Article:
While CPS is being accused of overstating enrollment declines and under-utilization levels at city schools, charter opponents (and perhaps even the media) can be accused of overstating the level of "privatization" in the form of charter and contract schools. Day after day, all we hear about is charter schools and charter expansion. It's presented as if they're EVERYWHERE. But that's not the case.
The latest report from the National Alliance of Public Charter Schools notes that there are several districts with high numbers and percentages of students served by charters -- but CPS is not on those lists.
See below for some examples of where things stand in other cities, and a link to a Hechinger Report story about the current state of affairs.
New Orleans Public Schools (Louisiana), 76 percent
Detroit Public Schools (Michigan), 41 percent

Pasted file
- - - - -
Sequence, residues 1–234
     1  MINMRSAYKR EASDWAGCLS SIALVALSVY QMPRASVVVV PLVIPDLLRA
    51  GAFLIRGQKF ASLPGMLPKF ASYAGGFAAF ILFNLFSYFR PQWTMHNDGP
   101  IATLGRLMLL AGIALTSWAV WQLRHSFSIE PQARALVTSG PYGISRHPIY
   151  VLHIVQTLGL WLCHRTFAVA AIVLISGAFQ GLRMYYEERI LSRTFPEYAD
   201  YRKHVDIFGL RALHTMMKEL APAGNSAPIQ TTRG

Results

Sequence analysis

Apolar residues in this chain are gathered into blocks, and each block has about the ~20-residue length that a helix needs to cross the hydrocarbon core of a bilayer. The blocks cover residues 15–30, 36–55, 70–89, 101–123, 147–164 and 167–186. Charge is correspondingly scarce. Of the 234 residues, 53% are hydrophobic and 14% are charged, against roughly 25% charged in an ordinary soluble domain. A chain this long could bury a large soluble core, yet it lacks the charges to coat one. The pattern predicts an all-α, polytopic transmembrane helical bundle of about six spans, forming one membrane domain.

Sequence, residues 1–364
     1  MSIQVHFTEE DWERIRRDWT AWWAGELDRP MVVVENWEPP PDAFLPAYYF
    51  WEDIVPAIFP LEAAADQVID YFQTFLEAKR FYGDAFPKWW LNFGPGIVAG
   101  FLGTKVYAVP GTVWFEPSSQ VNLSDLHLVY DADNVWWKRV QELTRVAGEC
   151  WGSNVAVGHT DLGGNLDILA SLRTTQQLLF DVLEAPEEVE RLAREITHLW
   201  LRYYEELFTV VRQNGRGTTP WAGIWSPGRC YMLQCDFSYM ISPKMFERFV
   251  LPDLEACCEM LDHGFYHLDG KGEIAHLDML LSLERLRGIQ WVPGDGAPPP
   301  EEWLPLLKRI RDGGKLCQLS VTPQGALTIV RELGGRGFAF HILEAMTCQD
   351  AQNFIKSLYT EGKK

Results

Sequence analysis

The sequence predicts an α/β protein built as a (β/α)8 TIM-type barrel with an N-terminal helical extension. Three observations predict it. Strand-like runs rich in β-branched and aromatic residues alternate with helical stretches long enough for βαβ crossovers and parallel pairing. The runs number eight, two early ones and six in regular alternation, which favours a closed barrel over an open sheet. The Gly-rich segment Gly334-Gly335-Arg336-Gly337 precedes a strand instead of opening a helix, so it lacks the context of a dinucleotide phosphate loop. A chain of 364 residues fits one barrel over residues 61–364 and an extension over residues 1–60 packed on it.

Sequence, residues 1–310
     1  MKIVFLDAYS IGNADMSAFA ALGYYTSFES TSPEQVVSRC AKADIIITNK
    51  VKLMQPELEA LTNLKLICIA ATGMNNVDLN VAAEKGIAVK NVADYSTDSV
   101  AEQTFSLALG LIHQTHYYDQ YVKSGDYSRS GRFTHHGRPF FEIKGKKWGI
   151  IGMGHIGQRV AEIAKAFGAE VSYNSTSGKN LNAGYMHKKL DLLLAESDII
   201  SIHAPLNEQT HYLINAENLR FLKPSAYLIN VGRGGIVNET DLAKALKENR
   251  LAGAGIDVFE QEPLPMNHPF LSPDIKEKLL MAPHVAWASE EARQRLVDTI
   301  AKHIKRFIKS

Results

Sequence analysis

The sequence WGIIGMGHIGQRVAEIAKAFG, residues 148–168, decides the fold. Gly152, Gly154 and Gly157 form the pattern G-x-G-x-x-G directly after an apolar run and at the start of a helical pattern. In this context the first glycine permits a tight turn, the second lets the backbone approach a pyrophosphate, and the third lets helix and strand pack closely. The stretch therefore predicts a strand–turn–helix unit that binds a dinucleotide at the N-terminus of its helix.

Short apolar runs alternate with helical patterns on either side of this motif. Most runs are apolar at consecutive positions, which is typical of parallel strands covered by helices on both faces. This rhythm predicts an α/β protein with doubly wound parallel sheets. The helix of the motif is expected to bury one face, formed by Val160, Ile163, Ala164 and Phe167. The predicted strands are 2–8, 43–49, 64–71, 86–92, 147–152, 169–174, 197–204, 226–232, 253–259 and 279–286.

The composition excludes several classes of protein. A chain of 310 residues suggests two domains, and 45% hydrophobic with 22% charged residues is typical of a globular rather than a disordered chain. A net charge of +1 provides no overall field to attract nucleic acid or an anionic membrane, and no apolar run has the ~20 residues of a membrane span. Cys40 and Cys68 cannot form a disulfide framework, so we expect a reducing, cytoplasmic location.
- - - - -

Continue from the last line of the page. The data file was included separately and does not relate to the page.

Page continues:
District of Columbia Public Schools, 41 percent
Kansas City, Missouri School District (Missouri), 37 percent
Flint City School District (Michigan), 33 percent
Gary Community School Corporation (Indiana), 31 percent
St. Louis Public Schools (Missouri), 31 percent
Cleveland Metropolitan School District (Ohio), 28 percent
Albany City School District (New York), 26 percent
Dayton Public Schools (Ohio), 26 percent
San Antonio Independent School District (Texas), 26 percent
Indianapolis Public Schools (Indiana), 25 percent
Roosevelt School District 66 (Arizona), 25 percent
Toledo Public Schools (Ohio), 25 percent
Youngstown City Schools (Ohio), 25 percent
Adams County School District 50 (Colorado), 23 percent
Grand Rapids Public Schools (Michigan), 23 percent
The School District of Philadelphia (Pennsylvania), 23 percent
Milwaukee Public Schools (Wisconsin), 22 percent
Phoenix Union High School District (Arizona), 22 percent
Charter schools expanding rapidly in more U.S. cities Hechinger Report